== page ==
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In fact, Raymond Givens, MD, PhD, an Assistant Professor of Medicine at the Columbia University Medical Center, told me that he had warned JAMA last fall that something like the podcast fail would eventually happen. He didn’t specifically tell the journal, “soon you will produce a podcast that will go about as well as sandpaper toilet paper.”
Instead, here’s what happened, according to Givens. Last September, he submitted a letter to JAMA in response to a research letter published in the journal that reported results from a Covid-19-related study. Givens felt that the study “conflated race with biology” by suggesting that Black Americans may have higher Covid-19 coronavirus infection rates and death due to biological reasons. Givens’ letter questioned the design of the study and why the research letter got published in JAMA. As you can see in the following tweet, Givens’ letter also raised concerns that the editorial board did not include enough diversity to recognize the role that racism may play in Covid-19 infection risk:
However, per Givens’ tweet, JAMA rejected his letter. Undaunted, Givens took a closer look at the racial/ethnic compositions of the editorial boards for the various JAMA journals. He identified whom on the boards could be categorized as Black (B), East Asian-descent (EA), Latino (L), Middle Eastern-descent (ME), South Asian-descent (SA), and White (W) and constructed the chart shown in the tweet thread below:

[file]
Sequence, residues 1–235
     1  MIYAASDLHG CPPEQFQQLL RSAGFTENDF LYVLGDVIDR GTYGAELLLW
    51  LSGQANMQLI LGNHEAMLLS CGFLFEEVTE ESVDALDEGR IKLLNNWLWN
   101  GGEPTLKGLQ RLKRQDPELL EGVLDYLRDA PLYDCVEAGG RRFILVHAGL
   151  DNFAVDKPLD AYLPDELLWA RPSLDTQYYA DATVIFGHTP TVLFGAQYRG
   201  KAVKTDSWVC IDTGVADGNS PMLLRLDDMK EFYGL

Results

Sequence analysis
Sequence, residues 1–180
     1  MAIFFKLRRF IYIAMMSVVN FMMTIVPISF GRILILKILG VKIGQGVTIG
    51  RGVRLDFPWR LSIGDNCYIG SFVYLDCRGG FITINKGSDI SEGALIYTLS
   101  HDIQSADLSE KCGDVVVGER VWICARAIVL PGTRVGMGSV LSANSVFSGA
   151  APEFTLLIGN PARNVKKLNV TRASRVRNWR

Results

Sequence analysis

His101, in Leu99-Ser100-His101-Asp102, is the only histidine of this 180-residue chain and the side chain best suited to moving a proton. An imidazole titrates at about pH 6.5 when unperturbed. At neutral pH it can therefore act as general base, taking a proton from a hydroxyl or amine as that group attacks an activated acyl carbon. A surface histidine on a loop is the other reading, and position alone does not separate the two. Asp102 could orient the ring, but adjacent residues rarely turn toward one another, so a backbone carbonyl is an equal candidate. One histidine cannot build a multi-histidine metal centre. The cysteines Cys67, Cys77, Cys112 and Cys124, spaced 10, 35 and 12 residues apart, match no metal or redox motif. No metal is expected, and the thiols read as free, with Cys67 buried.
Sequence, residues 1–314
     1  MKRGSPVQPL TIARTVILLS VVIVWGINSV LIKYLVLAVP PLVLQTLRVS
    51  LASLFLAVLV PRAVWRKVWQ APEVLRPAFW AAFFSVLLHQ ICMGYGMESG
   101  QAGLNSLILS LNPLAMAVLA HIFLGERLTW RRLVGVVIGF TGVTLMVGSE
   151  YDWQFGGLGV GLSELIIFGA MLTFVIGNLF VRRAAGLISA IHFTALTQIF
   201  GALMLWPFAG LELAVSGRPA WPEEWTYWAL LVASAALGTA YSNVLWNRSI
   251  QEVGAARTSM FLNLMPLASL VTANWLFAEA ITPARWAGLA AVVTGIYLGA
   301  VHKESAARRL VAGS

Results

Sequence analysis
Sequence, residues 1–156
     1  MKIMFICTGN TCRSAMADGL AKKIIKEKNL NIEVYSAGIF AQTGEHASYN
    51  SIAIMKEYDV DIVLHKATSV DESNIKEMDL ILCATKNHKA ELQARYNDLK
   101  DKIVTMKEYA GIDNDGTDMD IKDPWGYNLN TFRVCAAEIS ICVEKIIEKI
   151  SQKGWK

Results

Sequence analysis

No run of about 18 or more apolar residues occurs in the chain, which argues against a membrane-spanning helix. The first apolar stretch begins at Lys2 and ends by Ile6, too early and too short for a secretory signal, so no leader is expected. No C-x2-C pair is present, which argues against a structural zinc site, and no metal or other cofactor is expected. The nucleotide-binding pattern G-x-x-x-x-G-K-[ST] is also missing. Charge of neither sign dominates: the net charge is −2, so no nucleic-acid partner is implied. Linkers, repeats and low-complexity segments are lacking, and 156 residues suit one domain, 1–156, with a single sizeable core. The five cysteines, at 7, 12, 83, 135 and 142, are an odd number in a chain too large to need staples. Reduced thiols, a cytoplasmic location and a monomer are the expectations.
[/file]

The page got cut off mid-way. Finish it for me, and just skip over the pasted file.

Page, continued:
As you can see, the numbers under the persons of color columns looked a bit like baseball scores: lots of zeros, ones, and twos. Meanwhile, the numbers under the W column looked more like football and perhaps even basketball scores, double-digits for nearly every line except for the Journal Oversight Committee. And that committee featured six Whites and one Black.
What’s even more striking is that even fewer persons of color occupy the higher positions of power in in each journal’s hierarchy. For example, all but one of the 14 Editors-in-Chief or Executive Editors are White, according to Givens’ chart. Editor-in-Chiefs can play major roles in setting the overall direction of the journal and choosing other editors.
Givens took a closer look at the composition of the New England Journal of Medicine editorial board as well, as seen in tweet below:
Compare the breakdowns compiled by Givens with the racial/ethnic breakdowns of U.S. medical school graduates. For example, according to the Association of American Medical Colleges (AAMC), the 2018-2019 breakdown of U.S. medical school graduates by race and ethnicity was as follows: 54.6% White, 21.6% Asian, 6.2% Black, and 5.3% Hispanic, Latino, or of Spanish origin. The following tweet response to Givens’ thread above questioned why there such a discrepancy between who have been graduating from medical school and who is serving on these editorial boards: